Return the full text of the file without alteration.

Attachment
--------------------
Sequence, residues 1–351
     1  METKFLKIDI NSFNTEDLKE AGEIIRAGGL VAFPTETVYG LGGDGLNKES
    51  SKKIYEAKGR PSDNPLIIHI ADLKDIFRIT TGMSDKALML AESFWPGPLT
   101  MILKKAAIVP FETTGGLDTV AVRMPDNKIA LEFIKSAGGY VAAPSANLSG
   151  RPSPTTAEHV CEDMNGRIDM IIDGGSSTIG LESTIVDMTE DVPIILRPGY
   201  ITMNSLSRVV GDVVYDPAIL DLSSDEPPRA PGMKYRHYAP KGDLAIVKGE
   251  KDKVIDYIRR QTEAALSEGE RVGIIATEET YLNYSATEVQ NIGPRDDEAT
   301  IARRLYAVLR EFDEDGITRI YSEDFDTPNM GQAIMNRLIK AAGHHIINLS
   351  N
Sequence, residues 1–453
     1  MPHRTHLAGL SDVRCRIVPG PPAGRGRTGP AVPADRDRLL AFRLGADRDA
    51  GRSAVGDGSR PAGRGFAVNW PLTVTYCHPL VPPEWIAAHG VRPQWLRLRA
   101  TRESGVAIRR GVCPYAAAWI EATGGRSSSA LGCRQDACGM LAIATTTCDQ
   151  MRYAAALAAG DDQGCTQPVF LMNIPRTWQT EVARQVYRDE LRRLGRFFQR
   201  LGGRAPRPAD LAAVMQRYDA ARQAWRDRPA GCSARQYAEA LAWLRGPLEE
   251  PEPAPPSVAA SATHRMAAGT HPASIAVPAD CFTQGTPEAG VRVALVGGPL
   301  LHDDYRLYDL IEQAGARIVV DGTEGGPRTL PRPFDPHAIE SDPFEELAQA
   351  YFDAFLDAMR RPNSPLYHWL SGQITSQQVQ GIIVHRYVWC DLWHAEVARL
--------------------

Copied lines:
Sequence, residues 1–351
     1  METKFLKIDI NSFNTEDLKE AGEIIRAGGL VAFPTETVYG LGGDGLNKES
    51  SKKIYEAKGR PSDNPLIIHI ADLKDIFRIT TGMSDKALML AESFWPGPLT
   101  MILKKAAIVP FETTGGLDTV AVRMPDNKIA LEFIKSAGGY VAAPSANLSG
   151  RPSPTTAEHV CEDMNGRIDM IIDGGSSTIG LESTIVDMTE DVPIILRPGY
   201  ITMNSLSRVV GDVVYDPAIL DLSSDEPPRA PGMKYRHYAP KGDLAIVKGE
   251  KDKVIDYIRR QTEAALSEGE RVGIIATEET YLNYSATEVQ NIGPRDDEAT
   301  IARRLYAVLR EFDEDGITRI YSEDFDTPNM GQAIMNRLIK AAGHHIINLS
   351  N
Sequence, residues 1–453
     1  MPHRTHLAGL SDVRCRIVPG PPAGRGRTGP AVPADRDRLL AFRLGADRDA
    51  GRSAVGDGSR PAGRGFAVNW PLTVTYCHPL VPPEWIAAHG VRPQWLRLRA
   101  TRESGVAIRR GVCPYAAAWI EATGGRSSSA LGCRQDACGM LAIATTTCDQ
   151  MRYAAALAAG DDQGCTQPVF LMNIPRTWQT EVARQVYRDE LRRLGRFFQR
   201  LGGRAPRPAD LAAVMQRYDA ARQAWRDRPA GCSARQYAEA LAWLRGPLEE
   251  PEPAPPSVAA SATHRMAAGT HPASIAVPAD CFTQGTPEAG VRVALVGGPL
   301  LHDDYRLYDL IEQAGARIVV DGTEGGPRTL PRPFDPHAIE SDPFEELAQA
   351  YFDAFLDAMR RPNSPLYHWL SGQITSQQVQ GIIVHRYVWC DLWHAEVARL